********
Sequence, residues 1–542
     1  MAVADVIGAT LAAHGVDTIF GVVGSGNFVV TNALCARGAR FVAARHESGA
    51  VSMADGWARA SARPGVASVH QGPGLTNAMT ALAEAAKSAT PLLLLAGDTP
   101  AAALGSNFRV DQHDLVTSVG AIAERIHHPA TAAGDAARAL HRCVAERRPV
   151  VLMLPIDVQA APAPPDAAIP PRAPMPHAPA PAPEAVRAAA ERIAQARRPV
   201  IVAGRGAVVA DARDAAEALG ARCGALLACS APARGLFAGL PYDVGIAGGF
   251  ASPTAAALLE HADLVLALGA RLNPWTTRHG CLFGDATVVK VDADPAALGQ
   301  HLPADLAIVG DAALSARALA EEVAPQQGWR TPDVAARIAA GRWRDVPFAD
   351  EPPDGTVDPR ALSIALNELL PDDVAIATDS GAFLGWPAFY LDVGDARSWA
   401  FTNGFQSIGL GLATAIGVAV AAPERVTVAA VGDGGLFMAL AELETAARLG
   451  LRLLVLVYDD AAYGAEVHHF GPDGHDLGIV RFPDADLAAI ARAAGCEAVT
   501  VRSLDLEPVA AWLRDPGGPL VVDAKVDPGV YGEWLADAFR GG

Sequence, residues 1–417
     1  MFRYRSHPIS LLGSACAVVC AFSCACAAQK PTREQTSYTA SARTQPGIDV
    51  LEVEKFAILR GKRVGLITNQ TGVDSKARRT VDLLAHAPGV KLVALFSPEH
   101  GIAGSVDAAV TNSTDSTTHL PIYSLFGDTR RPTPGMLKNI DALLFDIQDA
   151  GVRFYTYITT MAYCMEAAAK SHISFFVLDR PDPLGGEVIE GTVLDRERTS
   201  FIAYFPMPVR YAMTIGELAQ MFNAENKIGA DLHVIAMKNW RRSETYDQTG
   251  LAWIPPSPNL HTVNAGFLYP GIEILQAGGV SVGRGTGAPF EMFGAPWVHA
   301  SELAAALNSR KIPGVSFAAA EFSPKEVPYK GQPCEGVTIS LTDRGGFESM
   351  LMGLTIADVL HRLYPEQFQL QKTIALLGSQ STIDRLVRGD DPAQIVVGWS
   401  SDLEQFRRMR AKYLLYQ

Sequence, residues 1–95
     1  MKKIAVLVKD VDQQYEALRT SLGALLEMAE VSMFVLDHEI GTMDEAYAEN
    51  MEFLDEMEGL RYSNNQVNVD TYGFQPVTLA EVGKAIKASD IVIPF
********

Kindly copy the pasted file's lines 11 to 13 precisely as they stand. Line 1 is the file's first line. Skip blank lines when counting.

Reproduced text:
   451  LRLLVLVYDD AAYGAEVHHF GPDGHDLGIV RFPDADLAAI ARAAGCEAVT
   501  VRSLDLEPVA AWLRDPGGPL VVDAKVDPGV YGEWLADAFR GG

Sequence, residues 1–417